Pennsylvania Court Requires Strict Compliance With Conditions Precedent to Payment on Public Contract; Construes Attorneys Fee-Shifting Provision in “No Damage for Delay” Clause

Boro Construction, Inc. v. Ridley School Dist.
2010 Pa. Commw. LEXIS 124 (Pa. Commw. Ct. Mar. 8, 2010)

The Pennsylvania Commonwealth Court ruled that where a contractor failed to submit an application for final payment, a school district was excused from its duty to tender final payment. At the same time, the Court held that the school district was not entitled to attorney’s fees pursuant to language in the contract’s no damage for delay clause because the clause specifically stated that the contractor was only required to reimburse the agency if it “loses [the] litigation,” and in this case, the contractor defeated some of the agency’s counterclaims.

Boro Construction, Inc. and Ridley School District entered into two contracts for the construction of a new high school building. Both contracts contained numerous provisions detailing the procedures that Boro was required to follow prior to receiving payment. When the District failed to pay the final sums due under the contracts, Boro filed a complaint in the Court of Common Pleas of Montgomery County alleging that the District was in breach of both contracts. The District subsequently filed its answer, which included counterclaims seeking, amongst other things, damages for doors that were allegedly installed improperly by Boro. In addition, the District sought attorney’s fees pursuant to language in the “no damage for delay” clause in the contract. Specifically, the clause stated that “in the event the Contractor shall choose to litigate…loses said litigation, the Contractor shall reimburse the Owner, Construction Manager, and the Architect for their reasonable [attorney’s fees and all other expenses].” The trial court entered a verdict in favor of the District on Boro’s complaint and in favor of Boro on the District’s counterclaims. Both parties appealed.

On appeal, the Court noted with respect to Boro’s claim for final payment under the contracts that it is well settled that the fundamental rule in construing the provisions of a contract is to ascertain and give effect to the intention of the parties. Where the contract terms are clear and unambiguous, the intention of the parties must be ascertained from the document itself. Furthermore, as public contracts, these agreements were subject to the Pennsylvania Procurement Code, which provides, in pertinent part, that “the government agency shall pay the contractor strictly in accordance with the contract.” Thus, if a contract contains a condition precedent, the condition must be met before a duty to perform under the contract arises, and where the duty is not fulfilled, the contract lays dormant and no damages are due for non-performance. These particular contracts both contained multiple conditions precedent to the District’s obligation to pay, including submission of a payment application and a certificate issued by the architect and construction manager, supplier and laborer payment information, and insurance information. Boro was required to establish that it strictly complied with the final payment provisions, but instead did not even dispute its failure to do so. Rather, Boro unsuccessfully argued that the District committed an anticipatory breach of the agreements thereby relieving Boro of its duty to submit the required information. When the court determined that Boro’s argument was without merit, it upheld the trial court’s decision that it was not entitled to the balance due on the contracts because of its failure to submit the final payment applications.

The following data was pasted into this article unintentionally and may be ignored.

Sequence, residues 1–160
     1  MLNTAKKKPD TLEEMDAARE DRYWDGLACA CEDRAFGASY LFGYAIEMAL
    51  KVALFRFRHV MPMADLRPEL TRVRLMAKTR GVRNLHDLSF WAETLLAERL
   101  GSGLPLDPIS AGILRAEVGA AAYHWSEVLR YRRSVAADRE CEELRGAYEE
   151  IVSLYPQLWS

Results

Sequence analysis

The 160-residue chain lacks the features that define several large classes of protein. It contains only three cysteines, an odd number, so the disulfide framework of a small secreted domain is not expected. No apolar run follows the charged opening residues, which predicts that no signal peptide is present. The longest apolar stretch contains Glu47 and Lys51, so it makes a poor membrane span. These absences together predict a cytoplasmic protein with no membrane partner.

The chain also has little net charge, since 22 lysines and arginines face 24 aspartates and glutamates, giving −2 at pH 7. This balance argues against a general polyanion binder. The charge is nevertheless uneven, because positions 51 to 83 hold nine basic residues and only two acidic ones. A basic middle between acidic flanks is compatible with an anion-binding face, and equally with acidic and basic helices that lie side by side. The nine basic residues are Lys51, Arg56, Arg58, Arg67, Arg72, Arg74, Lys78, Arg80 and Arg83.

Next, the Court addressed the District’s request for attorney’s fees. The District asserted that because Boro pleaded, litigated, and did not succeed on a claim for delay damages in contravention of the clause referenced above, the trial court erred in failing to award attorney’s fees under that section. The Court explained that fee-shifting provisions in a contract are construed in accordance with their plain and ordinary meaning. In this case, that meant that Boro would have to be the “losing party” in order for the District to win its attorney’s fees. When it considered the merits of the District’s claims, the trial court found that it had failed to meet its burden of proof that Boro was responsible for the improper installation of the doors. It then concluded that the District was not entitled to damages as a substantially prevailing party under the clear terms and provisions of the contract. This Court found that in light of the trial courts decision and the specific language of the contracts, the trial court properly determined that it was not entitled to award attorney fees because Boro prevailed on the counterclaims.

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